Your Letters

In Praise of Crawling

To the Editor:
I am writing in response to the article titled "On the Move: Should PTs teach children with disabilities to crawl?" (June 9, 2003 print edition).

In the article, author Ginny Paleg presents convincing evidence from the literature that crawling is an important developmental milestone that aids in the development of effective and appropriate neuronal pathways, visual-perceptual skills, and upper extremity function. Paleg also dispels false assumptions regarding crawling, identifying no correlation between creeping skills and upright locomotion with no generalization of motor learning between these two distinct skills. Finally, Paleg appropriately presents concerns about patterning approaches, such as Doman-Delacato, to facilitate crawling in young children.

While the information presented in the article is sound and informative, the idea that creeping should not be a focus of a physical therapy treatment plan for a child with developmental disabilities is the subject of my disagreement. In my opinion, the underlying theme of the article may be more accurately reflected in a subtitle reading: "Should PTs treat upper extremity deficits?" Paleg asserts, "toning shoulders, arms and hands. is best addressed through occupational therapy."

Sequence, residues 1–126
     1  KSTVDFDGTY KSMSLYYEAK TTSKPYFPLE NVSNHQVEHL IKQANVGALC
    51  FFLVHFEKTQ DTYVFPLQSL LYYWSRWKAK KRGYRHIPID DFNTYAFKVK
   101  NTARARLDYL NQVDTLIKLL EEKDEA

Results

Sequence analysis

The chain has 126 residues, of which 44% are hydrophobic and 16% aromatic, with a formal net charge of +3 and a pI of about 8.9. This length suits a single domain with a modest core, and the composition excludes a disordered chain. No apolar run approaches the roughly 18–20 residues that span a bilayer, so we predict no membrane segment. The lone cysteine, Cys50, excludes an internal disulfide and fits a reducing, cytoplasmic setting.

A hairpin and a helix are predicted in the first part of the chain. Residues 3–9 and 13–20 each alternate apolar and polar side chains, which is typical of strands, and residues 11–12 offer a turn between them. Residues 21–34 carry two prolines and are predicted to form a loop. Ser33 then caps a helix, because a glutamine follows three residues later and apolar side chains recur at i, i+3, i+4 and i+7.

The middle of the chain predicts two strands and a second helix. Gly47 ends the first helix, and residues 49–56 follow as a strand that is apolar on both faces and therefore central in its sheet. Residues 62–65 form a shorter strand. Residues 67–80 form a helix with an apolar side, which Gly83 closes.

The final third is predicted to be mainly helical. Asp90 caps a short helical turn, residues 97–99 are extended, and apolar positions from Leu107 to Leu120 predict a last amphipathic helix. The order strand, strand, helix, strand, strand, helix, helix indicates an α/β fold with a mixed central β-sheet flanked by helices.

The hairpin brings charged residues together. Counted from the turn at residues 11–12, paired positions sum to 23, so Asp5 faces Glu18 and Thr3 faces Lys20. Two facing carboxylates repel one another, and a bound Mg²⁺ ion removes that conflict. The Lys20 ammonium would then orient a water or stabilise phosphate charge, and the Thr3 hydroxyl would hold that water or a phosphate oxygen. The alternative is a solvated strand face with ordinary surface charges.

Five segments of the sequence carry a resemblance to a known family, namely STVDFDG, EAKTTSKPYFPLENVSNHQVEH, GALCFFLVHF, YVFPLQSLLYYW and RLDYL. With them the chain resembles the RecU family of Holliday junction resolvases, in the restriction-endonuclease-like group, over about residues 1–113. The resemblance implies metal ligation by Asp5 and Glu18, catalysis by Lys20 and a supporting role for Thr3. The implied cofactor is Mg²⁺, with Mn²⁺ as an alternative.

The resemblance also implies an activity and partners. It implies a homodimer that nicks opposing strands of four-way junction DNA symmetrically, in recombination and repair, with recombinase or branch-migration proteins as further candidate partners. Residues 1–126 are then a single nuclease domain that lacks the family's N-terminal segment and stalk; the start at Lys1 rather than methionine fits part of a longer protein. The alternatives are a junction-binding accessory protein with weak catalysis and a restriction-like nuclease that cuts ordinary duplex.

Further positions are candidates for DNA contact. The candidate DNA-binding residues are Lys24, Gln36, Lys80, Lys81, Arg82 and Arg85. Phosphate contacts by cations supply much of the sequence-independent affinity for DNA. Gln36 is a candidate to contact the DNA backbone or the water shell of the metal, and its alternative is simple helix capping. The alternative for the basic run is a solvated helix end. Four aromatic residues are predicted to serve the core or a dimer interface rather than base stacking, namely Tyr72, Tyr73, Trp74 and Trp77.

While occupational therapists are skilled in facilitating effective upper extremity function, we should not limit our scope of practice to lower extremity function exclusively. In the course of my physical therapy training, I learned anatomy, physiology, and biomechanics of the whole body as a functioning unit. We are doing our patients a disservice if we do not treat our patients as such. 

Many children with physical disabilities have proximal weaknesses that are effectively addressed by practice in a quadruped position, requiring upper and lower extremity weight bearing as well as co-contractions of abdominal and spinal extensor musculature. 

Clearly, crawling is no pre-requisite to walking and is not essential for functional ambulation. However, should we, as physical therapists, count creeping out as a useful, appropriate and efficacious skill to address the needs of developing children? Should we limit our practice to only little legs and feet or should we treat the whole child?

--Candace Chaney, PT

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